I’m constantly involved with keeping up on the latest trends in learning technologies and solutions. I’ve recently been reading more reports that question the traditional standalone LMS platform, and it’s gotten me thinking. How many in today’s business environment really understand the differences between their old traditional learning management system (LMS) and the newest social LMS platforms?
First, the traditional LMS model is a monolithic structure that acts as a giant repository of information being pushed out to the learner. Second, traditional LMS platforms are somewhat generic, and don’t take into account an organization’s unique learning needs. Third, these systems perpetuate the model of “going to” training – whether it’s ILT or e-learning, the old LMS model still requires a learner to sit for long periods of time and consume chunks of information that may or may not be received. And finally, these traditional systems obtain little if any feedback from the user; and those few that do, seldom integrate changes based on that feedback.
A well-designed social LMS on the other hand, allows for community building within the learning environment. It integrates coaches, subject matter experts, mentors and colleagues into the process of knowledge sharing. My recent research has also got me thinking about what makes a great Social LMS? And I don’t just mean what features are packed into the system. I mean what problems does it solve and how does it bring value to the organization using it?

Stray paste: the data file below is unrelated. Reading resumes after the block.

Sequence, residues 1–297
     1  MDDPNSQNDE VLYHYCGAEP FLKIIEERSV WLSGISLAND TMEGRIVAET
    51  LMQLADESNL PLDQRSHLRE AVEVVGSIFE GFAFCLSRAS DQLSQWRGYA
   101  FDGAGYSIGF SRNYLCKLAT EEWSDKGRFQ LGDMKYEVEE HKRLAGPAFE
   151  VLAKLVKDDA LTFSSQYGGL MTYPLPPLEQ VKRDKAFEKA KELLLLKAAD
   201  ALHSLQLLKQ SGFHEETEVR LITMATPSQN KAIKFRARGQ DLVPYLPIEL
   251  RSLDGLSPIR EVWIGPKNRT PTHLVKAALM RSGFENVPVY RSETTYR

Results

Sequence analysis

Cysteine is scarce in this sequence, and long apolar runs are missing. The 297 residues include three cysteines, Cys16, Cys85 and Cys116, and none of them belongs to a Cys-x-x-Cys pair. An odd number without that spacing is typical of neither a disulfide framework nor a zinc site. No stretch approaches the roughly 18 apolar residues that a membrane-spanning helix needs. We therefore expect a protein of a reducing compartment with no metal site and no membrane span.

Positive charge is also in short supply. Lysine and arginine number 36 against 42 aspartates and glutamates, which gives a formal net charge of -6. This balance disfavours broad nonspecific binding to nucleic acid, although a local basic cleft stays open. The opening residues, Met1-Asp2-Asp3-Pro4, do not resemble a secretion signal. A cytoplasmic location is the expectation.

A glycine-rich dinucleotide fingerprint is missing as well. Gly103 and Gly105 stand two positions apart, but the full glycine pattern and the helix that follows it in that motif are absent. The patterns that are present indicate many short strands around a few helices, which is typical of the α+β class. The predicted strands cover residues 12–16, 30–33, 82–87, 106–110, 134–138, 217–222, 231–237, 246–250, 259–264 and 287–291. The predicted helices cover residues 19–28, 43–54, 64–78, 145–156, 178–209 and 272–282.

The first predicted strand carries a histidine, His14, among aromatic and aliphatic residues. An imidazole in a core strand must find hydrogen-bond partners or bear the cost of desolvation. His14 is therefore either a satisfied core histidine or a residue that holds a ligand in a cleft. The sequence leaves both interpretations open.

- Does it provide a means to rate and prioritize the social learning interactions?
- Does it allow for evaluating the effectiveness of the social learning experience?
- Does it integrate with and enhance an organization’s existing system?
- Does it track the history and outcomes of the social learning process?
- Does it allow for open collaboration and knowledge sharing?
- Does it improve productivity?
- Does it make learning easier?
- Does it benefit the company, employees, business partners and customers?
These are all questions that should be asked when evaluating a social LMS platform. Forget the idea of implementing new technology simply because it’s available and a corporate decision-maker has read an article about it. That was last decade. Today’s organizations need to base their learning management decisions on practical application. What is the benefit to the users of the platform and what is the benefit to the company’s bottom line?
One such LMS I would recommend checking out is TOPYX® – it was built from the ground up with award-winning social learning tools to enhance the online learning and communication environment. You can see TOPYX for yourself by requesting a free, personal LMS demo.
Tools are now available to go far beyond the traditional LMS to support engagement and collaboration within your organization. Learning and training should no longer be performed under isolated conditions. There is tremendous value in bringing the best and brightest minds within your organization together.
What is your organization doing to leverage the power of social learning?
Jeffrey A. Roth
Vice President, Marketing and Communications